The other evening, John had the honour of speaking at the Alcuin Society’s Annual General Meeting in Vancouver. His topic: “The Printing of Poetry, the Poetry of Printing”. In 1980, he went with a friend to Prince George in a rented van and brought home an ancient Chandler and Price platen press which became the basis of our High Ground Press. John’s idea was to print poetry broadsheets in limited editions and for 30 years he’s done this in the belief that “poems warrant singular lives in the light, no less contemplative (and as compelling) as their lives in books, voice or imagination.”
It was interesting for me to watch as he showed images of our print-shop,
our presses (for the C&P was joined by a small Adana from England a few summers ago),
and a couple of the broadsheets he’s printed. This one was part of our second series of broadsheets and the image isn’t particularly crisp but the poem, by Jan Zwicky, is beautiful and I love the design:
And this broadsheet is from our Companions Series, for which we asked Canadian poets to respond to a poem in the canon. Sue Wheeler chose a poem by Don McKay (who had a poem in an earlier series so the sense of companionship extends into our printing history as well as in this series…):
In Mnemonic: A Book of Trees, I write about the history of printing and type in an chapter about my grandfather’s origins in Bukovina, and I say this about John: “My husband labours in our print-shop over type, chases, ornaments, and the unwieldy nature of ink. There are far more convenient ways to transfer texts to paper, this suits his meditative nature, and mine too, for I love to think of the slow work of poetry finding its way to a broadsheet. Paper impressed with ink, like a kiss, a tattoo.”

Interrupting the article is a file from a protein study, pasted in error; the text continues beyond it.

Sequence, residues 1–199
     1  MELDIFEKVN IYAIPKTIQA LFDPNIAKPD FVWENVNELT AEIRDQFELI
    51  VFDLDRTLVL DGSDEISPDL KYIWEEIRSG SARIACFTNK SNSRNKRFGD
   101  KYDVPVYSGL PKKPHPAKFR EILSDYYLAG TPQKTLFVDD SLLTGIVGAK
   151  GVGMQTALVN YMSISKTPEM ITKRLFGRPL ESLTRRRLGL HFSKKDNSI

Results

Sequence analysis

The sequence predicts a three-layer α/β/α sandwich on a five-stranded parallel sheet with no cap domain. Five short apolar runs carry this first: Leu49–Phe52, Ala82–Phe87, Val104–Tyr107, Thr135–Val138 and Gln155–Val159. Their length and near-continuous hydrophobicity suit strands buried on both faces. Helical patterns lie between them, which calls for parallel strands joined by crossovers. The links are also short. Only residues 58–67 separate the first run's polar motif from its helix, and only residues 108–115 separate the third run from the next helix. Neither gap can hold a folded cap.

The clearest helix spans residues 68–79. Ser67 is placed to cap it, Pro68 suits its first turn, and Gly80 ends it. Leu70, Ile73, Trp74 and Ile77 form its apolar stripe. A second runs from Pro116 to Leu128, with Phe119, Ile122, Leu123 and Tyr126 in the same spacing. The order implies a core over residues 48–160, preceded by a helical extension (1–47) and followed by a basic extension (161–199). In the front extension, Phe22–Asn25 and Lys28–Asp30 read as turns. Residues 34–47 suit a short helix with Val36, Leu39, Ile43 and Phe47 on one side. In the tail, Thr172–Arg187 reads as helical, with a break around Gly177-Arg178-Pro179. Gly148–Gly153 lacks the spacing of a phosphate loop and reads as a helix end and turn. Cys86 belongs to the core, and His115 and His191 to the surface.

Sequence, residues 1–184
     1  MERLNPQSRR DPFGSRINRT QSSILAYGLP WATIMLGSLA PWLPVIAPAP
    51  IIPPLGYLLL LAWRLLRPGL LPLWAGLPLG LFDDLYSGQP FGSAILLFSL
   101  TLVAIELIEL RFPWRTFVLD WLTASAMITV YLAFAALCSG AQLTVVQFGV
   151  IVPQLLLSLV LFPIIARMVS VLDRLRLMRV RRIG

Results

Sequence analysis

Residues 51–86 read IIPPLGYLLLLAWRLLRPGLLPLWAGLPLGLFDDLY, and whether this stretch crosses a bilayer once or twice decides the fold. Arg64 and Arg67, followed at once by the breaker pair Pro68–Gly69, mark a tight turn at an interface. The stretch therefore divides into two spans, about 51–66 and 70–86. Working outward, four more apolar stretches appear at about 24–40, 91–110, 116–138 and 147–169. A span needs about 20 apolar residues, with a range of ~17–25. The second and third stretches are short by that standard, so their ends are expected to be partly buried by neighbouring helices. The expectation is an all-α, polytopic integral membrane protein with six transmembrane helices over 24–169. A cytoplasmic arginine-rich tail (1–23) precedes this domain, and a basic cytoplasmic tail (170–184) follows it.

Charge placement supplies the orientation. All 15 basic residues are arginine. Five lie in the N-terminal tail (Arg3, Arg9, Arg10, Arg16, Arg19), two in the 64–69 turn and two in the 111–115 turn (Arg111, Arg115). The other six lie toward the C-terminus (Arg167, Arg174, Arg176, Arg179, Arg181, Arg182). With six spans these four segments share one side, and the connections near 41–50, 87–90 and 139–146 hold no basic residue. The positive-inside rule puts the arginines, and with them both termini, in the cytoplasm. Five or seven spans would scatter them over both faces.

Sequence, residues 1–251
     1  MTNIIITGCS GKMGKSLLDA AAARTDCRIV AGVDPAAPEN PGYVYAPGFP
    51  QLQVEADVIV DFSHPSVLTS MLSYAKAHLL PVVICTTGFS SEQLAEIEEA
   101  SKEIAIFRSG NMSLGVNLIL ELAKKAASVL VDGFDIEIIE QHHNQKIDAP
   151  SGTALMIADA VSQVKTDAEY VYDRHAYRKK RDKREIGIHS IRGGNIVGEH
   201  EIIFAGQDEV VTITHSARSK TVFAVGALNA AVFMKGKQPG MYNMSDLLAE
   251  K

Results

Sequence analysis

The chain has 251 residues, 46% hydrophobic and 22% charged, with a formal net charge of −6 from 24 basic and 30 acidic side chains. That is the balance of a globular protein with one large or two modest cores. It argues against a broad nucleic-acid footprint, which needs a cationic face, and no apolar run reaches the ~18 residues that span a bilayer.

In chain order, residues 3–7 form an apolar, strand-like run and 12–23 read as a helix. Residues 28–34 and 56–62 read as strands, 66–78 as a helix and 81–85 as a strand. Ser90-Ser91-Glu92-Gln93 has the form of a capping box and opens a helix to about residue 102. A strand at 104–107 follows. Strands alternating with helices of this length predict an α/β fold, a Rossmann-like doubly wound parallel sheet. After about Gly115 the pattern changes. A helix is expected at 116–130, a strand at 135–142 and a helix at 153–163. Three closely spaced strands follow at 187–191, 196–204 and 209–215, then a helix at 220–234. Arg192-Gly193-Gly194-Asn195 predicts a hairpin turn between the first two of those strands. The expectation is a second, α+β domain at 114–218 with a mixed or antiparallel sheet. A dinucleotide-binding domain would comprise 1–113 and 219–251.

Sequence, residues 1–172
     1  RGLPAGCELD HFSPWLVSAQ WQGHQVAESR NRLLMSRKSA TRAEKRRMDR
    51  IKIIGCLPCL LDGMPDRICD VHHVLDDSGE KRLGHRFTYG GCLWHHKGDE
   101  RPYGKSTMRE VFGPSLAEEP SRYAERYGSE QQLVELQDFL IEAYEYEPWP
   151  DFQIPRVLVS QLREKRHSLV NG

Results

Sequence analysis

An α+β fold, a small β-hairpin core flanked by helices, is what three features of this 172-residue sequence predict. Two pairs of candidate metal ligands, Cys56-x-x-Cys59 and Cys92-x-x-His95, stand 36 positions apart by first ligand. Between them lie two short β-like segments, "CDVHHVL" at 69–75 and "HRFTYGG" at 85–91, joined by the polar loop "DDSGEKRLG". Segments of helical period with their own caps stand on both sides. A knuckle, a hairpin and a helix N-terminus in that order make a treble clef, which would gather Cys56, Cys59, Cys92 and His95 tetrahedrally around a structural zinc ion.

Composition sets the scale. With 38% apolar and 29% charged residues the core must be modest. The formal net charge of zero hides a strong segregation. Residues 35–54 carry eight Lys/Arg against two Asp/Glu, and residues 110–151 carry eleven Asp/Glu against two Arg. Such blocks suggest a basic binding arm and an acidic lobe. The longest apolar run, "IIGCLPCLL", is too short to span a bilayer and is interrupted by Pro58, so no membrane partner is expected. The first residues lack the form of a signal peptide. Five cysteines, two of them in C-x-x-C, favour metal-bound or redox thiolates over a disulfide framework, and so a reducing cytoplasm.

3 thoughts on “High Ground Press”
Are your broadsheets available to purchase?
Teresa- I am on linked In and I saw John had looked me up on the site. I gave been trying to reach him for several years but didn’t know how.
I read your book Based on living at your home I. The Sechelt- and love your writing- it’s gorgeous.
John called me just before he wrote The Four Quartets- don’t know how he found me, I lived close to the smallest town possible in rattlesnakeland wher I was very busy putting I. Hundreds of trees to change the balance of rattlesnakes to hawks and deer etc as the volunteer barley- dry farmed for the second World War-was so high the hawks couldn’t see the rattlesnakes… Anyhow I’d sure like to contact him -and see how he is- I am so glad he married so VERY well, he deserved it… He spoke so excitedly about his little girl Angela. Jenny was also my friend and I don’t know how she is either- I was a little concerned when in his writing he mentioned he’d lost so many people, I worried about Jenny. Reading his love for you and his children, and the Sechelt I was so very glad for him… Do you know in the one photo of you I think on your book but maybe his Quartets(?) you reminded me so much of his mum !!! Anyhow I hope you can get him to contact me! I hope to meet you someday …. Sincerely, Dulce Shepherd
Ducle, how lovely to find this message. I’m passing along your email address to John and I know he will write to you. You are such an important part of his past and he often speaks of you. Thank you for making contact. More soon!